"In China, cars drive on the right side."


September 21, 2018

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I think 在中国, 汽车开车靠右边 should not only be accepted but is a more accurate translation. The accepted answer seems to translate to "In China cars are on the right". By excluding "开车" DL removes any mention of "driving". Also what's the purpose of 开?


It seems to me that your confusion comes down to 2 elements. First off, "开车" is not a single word. It is not a verb meaning "to drive" or "driving". "开车" is a phrase consisting of a verb plus an object. In this context, "开” means "to drive" (in other contexts 开 can mean "to opperate" a machine, "to turn on" an electric device, or to "open" something). ”车” means car or vehicle. (汽车 means a car with an engine, ie not a horse drawn cart).

Subject + 开车 means that the Subject is driving (开) the car (车). So, saying ”汽车开车” means that a car is driving another car.

Secondly, about the overall sentence structure, the key thing to remember is that prepositional phrases come before the verbs they modify (with only a few irregular verb exceptions such as 住). So to translate "drive on the right", "on the right" (靠右边) has to come directly before "drive" (开).

I'm trying to find a way to explain why 汽车 comes before 靠右边开. The most important reason to me is that this is simply the way directional movements are phrased, as Nasu said above. However, I can think of two points that may help you understand the grammatical reasoning. 1) If you put 车 after 开, then you would need to put a subject before 开 to say who is driving the car. 2) I think that the grammar of this Chinese sentence is best understood as a topic-comment sentence. This is a common sentence structure in Chinese. The topic is "cars" (汽车), and the comment about cars is that they "are driven on the right" (靠右边开).

This structure is complicated by the location phrase 在中国 at the start of the sentence. (This might be considered its own, even larger umbrella topic.)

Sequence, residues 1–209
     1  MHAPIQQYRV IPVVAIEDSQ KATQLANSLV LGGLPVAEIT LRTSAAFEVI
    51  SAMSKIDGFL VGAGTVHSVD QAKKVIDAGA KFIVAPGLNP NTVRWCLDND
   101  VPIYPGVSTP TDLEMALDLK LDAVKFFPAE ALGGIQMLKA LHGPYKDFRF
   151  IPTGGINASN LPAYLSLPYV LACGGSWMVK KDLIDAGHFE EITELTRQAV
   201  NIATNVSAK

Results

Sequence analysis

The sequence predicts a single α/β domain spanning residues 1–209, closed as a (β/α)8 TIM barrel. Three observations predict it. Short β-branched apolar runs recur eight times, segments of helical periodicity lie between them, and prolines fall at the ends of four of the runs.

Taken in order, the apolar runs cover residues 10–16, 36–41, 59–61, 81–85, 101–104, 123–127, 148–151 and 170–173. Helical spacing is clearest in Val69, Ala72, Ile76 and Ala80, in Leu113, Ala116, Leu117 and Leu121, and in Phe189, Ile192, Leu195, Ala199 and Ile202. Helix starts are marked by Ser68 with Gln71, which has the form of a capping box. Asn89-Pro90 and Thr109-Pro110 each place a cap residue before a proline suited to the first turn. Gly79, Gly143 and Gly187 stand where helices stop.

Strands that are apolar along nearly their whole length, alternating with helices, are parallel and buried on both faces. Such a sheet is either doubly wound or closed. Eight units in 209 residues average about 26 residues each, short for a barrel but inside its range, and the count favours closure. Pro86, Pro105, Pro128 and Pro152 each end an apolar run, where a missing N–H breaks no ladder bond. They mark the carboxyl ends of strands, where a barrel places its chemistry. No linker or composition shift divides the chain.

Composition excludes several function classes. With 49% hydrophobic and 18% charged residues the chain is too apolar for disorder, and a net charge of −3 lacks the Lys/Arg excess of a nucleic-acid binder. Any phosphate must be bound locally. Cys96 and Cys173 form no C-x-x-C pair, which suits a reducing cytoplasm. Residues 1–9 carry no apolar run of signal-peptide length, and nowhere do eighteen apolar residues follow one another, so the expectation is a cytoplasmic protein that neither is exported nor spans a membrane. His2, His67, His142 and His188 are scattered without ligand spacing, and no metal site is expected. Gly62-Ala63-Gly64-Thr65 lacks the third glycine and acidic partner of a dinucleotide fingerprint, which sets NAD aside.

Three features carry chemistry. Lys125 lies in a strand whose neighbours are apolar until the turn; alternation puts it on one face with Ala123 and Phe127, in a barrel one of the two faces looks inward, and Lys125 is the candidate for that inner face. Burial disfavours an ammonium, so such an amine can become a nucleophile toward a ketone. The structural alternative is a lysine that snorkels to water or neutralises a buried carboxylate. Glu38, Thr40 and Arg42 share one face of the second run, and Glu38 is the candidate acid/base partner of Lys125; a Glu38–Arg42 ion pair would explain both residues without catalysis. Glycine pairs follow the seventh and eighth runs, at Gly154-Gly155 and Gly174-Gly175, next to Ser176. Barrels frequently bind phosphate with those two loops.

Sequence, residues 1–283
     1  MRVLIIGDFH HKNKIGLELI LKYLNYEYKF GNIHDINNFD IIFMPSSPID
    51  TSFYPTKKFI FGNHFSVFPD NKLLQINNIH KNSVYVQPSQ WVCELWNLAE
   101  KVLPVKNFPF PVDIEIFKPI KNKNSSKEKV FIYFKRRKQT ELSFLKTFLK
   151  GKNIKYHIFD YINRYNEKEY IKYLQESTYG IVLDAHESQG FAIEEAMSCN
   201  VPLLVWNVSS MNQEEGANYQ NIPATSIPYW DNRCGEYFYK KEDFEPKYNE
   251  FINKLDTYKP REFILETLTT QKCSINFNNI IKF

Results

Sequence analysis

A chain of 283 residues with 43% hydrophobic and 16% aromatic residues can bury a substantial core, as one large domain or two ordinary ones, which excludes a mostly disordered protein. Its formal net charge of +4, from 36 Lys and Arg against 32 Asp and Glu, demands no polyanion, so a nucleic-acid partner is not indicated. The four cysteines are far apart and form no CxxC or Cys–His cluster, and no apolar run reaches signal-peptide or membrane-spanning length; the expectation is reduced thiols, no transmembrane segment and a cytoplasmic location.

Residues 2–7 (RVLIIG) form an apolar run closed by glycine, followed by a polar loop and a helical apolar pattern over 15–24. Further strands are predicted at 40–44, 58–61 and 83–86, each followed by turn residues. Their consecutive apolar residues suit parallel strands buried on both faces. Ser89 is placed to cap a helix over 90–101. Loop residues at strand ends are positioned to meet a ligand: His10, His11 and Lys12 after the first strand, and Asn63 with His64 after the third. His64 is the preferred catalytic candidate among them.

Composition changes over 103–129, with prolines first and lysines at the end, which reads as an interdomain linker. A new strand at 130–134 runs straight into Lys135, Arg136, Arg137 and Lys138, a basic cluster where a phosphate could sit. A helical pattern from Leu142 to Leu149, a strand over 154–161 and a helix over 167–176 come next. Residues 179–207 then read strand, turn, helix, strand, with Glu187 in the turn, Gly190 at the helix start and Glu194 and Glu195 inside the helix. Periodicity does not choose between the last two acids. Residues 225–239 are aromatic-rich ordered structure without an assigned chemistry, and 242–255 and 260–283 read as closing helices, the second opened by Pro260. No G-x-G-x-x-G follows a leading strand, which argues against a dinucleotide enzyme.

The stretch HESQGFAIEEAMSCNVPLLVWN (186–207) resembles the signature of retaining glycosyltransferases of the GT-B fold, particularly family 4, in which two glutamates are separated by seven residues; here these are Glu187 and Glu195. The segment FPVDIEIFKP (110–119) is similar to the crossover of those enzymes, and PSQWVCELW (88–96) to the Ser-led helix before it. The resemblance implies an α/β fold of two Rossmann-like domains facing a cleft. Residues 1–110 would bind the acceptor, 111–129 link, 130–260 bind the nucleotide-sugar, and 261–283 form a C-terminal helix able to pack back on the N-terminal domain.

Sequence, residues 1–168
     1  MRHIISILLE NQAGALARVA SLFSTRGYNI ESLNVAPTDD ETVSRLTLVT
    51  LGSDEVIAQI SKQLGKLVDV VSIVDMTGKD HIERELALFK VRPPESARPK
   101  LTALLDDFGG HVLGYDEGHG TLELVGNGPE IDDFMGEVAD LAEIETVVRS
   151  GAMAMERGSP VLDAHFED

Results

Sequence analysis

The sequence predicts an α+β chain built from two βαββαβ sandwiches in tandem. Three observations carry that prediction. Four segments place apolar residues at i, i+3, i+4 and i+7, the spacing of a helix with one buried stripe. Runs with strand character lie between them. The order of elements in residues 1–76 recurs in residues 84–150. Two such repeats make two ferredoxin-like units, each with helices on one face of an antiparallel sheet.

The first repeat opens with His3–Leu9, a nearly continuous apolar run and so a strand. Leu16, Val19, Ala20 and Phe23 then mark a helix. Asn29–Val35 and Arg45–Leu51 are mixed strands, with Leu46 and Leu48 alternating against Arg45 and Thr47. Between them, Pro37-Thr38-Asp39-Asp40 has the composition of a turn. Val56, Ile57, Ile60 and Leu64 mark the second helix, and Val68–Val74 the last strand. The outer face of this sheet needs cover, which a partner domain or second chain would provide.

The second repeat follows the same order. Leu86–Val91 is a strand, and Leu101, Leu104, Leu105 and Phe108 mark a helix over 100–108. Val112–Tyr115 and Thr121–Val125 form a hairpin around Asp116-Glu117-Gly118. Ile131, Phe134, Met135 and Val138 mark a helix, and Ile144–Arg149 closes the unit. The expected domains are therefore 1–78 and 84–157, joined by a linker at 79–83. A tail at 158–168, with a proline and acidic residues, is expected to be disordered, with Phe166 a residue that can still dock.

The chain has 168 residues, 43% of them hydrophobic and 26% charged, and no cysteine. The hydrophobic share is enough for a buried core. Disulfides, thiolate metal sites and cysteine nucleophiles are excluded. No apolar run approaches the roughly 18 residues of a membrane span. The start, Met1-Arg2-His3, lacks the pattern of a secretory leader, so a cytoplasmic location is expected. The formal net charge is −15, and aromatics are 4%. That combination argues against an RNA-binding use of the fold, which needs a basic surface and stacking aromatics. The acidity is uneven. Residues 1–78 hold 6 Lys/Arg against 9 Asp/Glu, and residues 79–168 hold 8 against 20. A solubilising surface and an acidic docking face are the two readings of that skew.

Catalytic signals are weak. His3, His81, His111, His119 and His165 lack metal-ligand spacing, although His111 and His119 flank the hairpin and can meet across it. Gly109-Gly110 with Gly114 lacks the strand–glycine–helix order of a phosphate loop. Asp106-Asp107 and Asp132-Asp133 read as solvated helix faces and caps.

Wish I could bookmark answers from the app, but no. Things get confusing; Google says that 驾驶 means drive, and 开 open, so I guess one can't trust that "words" comprise of characters that explain the meaning.


Thank you. You're an angel.


It's the part of the idiomatic phrase for "to start [open] the car" in 开车.


Is it standard to put it at the end of the sentence in this context? do you know a name for this grammatical structure? I would like to research. Thanks


开车, like other compound verb-object phrases, can be positioned dependently on the meaning of the sentence. Here are few examples:

  • 我没迟到,多亏了你开车送我。: I am not late. Thank you for the ride.
  • 他开车比你小心: He drives more carefully than you.

For the second question, I do not know how to clearly write the response for this, but I can say all of that come from experience and understanding each basic component of the phrase. There is no grammatical structure that clearly explains the origin of 开车 since this is the part of the conversation natives often use everyday in their daily lives to discuss about driving. As long as the phrase is well-sound to the native, the phrase becomes the part of our daily vocabulary list. :)


Why does the DL phrase only use 开 at the end and not 开车 ?


very helpful thanks. Here's a lingot


What's wrong with 汽车在中国靠右边开?


How about "qì chē zài zhōng guõ...."?

(Sorry, I'm on mobile and my keyboard is not set up for this.)


在中国,靠右边开车 was also accepted.


Oh yeah? What about: 在中国,汽车靠右行驶? (Thanks, Baidu Translate!)


在中国,汽车靠右行驶。is how Baidu Translate gives it. As in so many other arenas, the Chinese are light years ahead of the U.S. with this free translator, although, given the current rabid, racist, anti-Chinese hysteria gripping the uneducated in the U.S. lately, it may be a little difficult to find a download. It is worth the search when you find it. A search for it in the Baidu browser will take you right to it. There are some sites in the U.S. with dummy APK's of it that don't work. The Baidu IME keyboard, also free, is pretty good also. ヾ(❀╹◡╹)ノ゙❀~

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